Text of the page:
Here’s the first prototype of Aston’s answer to Urus and Bentayga. Like it?
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£28,995 when new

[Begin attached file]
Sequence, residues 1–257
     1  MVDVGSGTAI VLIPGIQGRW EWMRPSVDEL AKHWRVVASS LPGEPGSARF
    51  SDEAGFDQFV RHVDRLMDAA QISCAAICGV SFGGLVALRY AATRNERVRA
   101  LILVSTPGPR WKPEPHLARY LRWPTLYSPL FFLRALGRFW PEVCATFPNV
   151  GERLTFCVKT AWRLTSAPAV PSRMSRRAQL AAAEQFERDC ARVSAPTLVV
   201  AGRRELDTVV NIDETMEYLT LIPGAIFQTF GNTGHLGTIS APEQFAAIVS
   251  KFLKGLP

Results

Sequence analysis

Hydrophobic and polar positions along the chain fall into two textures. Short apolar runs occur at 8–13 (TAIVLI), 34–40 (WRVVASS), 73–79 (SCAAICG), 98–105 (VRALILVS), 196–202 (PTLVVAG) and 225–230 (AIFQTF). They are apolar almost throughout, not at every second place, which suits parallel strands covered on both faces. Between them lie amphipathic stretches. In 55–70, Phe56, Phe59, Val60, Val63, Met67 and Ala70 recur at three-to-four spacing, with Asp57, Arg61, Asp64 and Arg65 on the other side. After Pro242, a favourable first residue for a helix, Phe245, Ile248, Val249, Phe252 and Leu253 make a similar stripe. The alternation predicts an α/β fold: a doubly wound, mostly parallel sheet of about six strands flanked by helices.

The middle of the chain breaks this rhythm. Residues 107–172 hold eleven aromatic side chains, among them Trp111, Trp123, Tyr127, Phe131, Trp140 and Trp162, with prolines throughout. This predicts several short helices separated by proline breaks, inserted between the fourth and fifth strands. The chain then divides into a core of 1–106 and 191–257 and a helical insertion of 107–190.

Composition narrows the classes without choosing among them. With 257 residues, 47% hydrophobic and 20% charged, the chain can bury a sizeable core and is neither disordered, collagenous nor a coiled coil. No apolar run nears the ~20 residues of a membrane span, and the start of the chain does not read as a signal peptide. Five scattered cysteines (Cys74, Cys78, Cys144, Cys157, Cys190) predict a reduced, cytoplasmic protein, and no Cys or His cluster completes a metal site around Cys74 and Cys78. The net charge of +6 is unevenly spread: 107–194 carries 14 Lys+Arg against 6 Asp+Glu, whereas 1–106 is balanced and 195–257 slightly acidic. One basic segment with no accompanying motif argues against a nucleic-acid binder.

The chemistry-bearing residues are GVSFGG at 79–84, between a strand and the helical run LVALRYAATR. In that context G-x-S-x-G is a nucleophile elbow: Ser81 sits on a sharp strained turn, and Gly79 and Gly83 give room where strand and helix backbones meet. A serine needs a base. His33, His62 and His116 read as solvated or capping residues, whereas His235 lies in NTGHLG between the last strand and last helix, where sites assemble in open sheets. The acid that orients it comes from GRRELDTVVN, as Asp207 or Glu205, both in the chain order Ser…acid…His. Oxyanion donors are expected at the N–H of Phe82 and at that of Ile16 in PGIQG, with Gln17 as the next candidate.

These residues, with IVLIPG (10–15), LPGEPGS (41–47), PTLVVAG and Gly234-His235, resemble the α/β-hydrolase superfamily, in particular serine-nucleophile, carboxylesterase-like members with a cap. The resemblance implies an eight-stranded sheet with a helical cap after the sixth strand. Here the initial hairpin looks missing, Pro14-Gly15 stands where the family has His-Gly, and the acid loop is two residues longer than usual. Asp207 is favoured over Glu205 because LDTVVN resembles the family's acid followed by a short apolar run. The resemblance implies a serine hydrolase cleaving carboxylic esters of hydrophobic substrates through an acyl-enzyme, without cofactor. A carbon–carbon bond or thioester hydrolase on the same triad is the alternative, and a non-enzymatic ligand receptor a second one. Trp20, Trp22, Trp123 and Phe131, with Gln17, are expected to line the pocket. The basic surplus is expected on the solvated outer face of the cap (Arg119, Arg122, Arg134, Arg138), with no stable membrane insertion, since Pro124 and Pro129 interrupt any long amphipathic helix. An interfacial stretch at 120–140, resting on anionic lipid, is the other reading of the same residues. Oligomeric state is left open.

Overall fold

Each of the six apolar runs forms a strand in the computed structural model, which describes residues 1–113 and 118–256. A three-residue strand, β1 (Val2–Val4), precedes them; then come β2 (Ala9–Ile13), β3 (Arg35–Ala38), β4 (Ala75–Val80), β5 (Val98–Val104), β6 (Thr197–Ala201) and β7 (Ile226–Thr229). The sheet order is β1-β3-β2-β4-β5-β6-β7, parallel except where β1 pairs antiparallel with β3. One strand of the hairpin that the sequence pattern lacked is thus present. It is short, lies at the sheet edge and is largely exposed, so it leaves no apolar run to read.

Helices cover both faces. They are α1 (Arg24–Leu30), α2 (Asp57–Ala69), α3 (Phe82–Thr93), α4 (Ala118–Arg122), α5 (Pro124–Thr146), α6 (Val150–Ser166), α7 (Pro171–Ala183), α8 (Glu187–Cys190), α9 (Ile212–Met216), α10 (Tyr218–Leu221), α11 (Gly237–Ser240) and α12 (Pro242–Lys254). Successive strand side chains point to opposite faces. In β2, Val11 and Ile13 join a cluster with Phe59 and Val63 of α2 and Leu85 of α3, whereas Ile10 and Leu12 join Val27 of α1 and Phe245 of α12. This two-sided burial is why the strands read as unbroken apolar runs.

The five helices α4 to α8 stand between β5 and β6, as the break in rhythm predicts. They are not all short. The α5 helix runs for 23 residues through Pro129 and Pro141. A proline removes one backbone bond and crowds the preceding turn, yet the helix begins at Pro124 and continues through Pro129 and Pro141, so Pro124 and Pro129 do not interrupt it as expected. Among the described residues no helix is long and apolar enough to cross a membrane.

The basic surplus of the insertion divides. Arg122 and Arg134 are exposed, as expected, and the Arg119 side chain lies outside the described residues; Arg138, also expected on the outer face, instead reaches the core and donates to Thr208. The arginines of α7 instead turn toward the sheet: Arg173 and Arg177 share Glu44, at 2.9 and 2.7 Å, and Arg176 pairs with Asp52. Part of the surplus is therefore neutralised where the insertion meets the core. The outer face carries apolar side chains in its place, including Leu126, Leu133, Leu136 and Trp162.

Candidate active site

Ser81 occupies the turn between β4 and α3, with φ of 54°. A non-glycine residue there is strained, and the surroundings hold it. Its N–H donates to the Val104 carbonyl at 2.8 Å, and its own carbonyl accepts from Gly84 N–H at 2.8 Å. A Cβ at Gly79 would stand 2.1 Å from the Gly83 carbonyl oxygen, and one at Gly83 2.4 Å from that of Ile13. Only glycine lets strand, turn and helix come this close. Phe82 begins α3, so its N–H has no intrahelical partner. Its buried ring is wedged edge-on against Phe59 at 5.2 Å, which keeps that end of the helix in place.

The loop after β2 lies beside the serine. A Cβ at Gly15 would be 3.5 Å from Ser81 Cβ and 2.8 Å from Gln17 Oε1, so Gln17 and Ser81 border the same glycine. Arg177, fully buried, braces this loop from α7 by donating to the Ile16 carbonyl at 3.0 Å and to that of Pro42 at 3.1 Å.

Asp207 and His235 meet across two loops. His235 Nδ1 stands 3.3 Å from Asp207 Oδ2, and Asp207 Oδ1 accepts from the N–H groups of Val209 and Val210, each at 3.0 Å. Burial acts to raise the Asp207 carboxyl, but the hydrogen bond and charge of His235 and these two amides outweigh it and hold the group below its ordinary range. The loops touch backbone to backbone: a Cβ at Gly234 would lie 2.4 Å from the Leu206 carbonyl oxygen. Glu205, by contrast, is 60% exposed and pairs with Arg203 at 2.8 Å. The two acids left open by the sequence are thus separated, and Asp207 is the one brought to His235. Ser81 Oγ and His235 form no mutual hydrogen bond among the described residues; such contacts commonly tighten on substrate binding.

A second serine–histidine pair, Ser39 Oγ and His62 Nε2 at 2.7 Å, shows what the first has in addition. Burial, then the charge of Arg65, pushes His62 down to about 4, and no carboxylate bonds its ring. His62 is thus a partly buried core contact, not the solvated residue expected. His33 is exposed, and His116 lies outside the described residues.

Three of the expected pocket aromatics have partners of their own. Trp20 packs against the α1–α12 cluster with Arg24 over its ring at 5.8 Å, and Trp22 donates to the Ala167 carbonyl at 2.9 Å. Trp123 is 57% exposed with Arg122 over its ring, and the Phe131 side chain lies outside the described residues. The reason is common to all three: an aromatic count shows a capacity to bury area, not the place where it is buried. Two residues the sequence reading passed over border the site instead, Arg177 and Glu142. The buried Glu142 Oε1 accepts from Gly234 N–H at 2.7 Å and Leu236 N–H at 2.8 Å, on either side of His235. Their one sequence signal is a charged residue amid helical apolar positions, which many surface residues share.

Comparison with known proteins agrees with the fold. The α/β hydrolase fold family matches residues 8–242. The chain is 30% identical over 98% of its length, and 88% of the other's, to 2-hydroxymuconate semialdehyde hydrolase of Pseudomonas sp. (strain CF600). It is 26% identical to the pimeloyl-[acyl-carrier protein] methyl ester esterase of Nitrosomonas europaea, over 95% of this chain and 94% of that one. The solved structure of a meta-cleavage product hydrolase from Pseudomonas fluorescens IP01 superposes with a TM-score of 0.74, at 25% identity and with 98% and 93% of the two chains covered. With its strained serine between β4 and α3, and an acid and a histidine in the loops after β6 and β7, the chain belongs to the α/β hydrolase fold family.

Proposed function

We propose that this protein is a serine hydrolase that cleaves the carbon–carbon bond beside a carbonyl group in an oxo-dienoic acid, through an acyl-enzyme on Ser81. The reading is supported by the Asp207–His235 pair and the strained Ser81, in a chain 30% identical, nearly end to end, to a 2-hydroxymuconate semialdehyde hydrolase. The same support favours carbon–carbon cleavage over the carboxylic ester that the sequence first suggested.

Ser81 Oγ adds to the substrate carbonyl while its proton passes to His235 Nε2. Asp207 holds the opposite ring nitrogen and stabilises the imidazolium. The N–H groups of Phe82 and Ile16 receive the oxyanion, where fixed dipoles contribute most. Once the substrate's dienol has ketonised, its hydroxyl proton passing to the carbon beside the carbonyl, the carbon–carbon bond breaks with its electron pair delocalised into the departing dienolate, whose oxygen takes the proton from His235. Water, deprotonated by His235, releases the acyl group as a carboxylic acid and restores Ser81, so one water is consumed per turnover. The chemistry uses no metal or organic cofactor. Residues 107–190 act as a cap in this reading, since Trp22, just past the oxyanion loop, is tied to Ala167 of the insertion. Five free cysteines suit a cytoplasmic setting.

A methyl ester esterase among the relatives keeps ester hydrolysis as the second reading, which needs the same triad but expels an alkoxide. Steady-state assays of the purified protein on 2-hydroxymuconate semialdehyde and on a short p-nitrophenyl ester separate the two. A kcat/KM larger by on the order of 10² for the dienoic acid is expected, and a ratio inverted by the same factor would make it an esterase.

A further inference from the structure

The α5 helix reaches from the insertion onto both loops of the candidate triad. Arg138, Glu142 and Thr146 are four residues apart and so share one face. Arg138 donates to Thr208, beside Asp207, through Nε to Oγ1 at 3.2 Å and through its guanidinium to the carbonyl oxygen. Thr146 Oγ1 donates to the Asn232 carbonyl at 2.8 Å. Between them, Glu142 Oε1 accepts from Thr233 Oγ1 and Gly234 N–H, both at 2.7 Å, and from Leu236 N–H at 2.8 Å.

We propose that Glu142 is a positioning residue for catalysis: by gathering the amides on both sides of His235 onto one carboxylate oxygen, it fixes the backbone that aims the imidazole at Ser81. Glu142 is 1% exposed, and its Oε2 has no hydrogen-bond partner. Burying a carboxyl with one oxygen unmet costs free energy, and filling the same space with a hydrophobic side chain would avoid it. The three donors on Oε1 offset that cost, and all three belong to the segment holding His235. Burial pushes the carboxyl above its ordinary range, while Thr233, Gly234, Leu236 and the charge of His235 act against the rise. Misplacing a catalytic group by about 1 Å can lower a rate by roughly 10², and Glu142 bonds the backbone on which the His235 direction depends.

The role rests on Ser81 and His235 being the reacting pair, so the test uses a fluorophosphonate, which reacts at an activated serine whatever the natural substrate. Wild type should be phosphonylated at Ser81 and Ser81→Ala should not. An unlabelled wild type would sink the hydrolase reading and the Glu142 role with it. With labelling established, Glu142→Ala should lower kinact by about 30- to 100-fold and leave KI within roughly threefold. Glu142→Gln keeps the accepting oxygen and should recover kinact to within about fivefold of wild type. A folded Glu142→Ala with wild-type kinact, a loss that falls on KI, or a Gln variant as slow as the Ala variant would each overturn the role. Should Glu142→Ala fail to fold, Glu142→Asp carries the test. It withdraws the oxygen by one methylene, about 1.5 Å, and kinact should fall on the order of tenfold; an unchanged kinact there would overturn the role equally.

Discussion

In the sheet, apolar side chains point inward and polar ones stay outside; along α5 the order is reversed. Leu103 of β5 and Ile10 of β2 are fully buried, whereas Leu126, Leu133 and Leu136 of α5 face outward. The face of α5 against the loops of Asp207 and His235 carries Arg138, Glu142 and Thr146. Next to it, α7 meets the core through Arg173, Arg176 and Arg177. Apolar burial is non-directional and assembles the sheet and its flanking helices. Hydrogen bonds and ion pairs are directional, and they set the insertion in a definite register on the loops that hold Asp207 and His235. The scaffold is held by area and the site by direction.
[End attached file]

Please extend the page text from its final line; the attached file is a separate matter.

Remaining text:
I’m bored already. Don’t be. As Nissan Qashqais go, this is a somewhat interesting one. Mainly because it’s the fastest and most powerful one you can buy. And it doesn’t have a diesel engine. Its 1.6-litre, four-cylinder turbo petrol has 161bhp and 177lb ft, so 0-62mph takes a shade over nine seconds, and the top speed is a whopping…124mph. Not that quick, is it? No, not really. In fairness it’s not exactly billed as “the fast one” – it’s not covered in NISMO badges, and it doesn’t have silly seats or an obnoxious exhaust. It does, however, have the multi-link rear suspension fitted to all-wheel drive Qashqais, even though it’s front-wheel drive only, and a ten-litre bigger fuel tank for more range. Bigger tank? Can’t be very economical… Not around town, where you’ll get high 30s. A 20-mile schlep out of town followed by a 50-mile motorway/B-road run (and the same in reverse) yielded 44.6mpg – about the same as we get from our Nissan Micra longtermer over the same route/distance. In all, not bad. Much fun? Not as much as a Seat Ateca – the steering is pretty slow and requires much twiddling. But that’s besides the point – if you’re really interested in driving you should be buying a conventional hatchback rather than a crossover, which are inherently compromised by their size and heft. Smaller, lighter, and a lower centre of gravity makes for more fun. What’s more important is comfort. Body control is good in the Qashqai but, on the 19-inch alloys of our test car, the ride is incredibly firm. A load of tyre-roar, too. We haven’t tried one on smaller wheels, but it might be worth sacrificing some spec and buying a lower trim just for the bigger sidewalls. Noted. And this is, of course, the recently-facelifted Qashqai, which means you get the new exterior aesthetic, better interior trim plus myriad tech and safety improvements. Nissan has made some minor mechanical changes, but none that dramatically affect the way the Qashqai behaves or performs. There is a new trim level though – Tekna +. Aims to push the QQ further upmarket and comes with much kit as a consequence, but little can be done to mask the fact the infotainment and general interior layout are a bit old-tech. Quality and space are fine, but rivals like the Ateca and especially the Peugeot 3008 have moved the interior game on somewhat. Engine any good? Or should I stick with the diesel? This is not a remarkable engine. It’s acceptably refined, punchy and economical – not the hidden gem of the range that we’d hoped it might be. But if it’s a petrol you’re after – and more of you are, nowadays – this is probably the one to have. The only other option – the 1.2 turbo – is down on power and not that much more economical than the 1.6. On paper it only has less than a 2mpg advantage, (50.4 to 48.7mpg) and is almost two seconds slower to 62mph. You’d have to work it harder, so in that fabled thing we call the ‘real world’ they’re probably equally (un)economical. May as well spend the extra £1,400 or so and enjoy the many benefits of having more power/torque at your disposal. Makes for a comfier, more relaxing car. Unless you want auto – then you have to have a CVT (ugh) and the 1.2. Should I buy one? If you like the Qashqai (fair enough, though there are crossovers we’d recommend over it) and don’t want or are worried about buying a diesel, then yes. For a more in-depth look at the facelifted Qashqai, read our full review.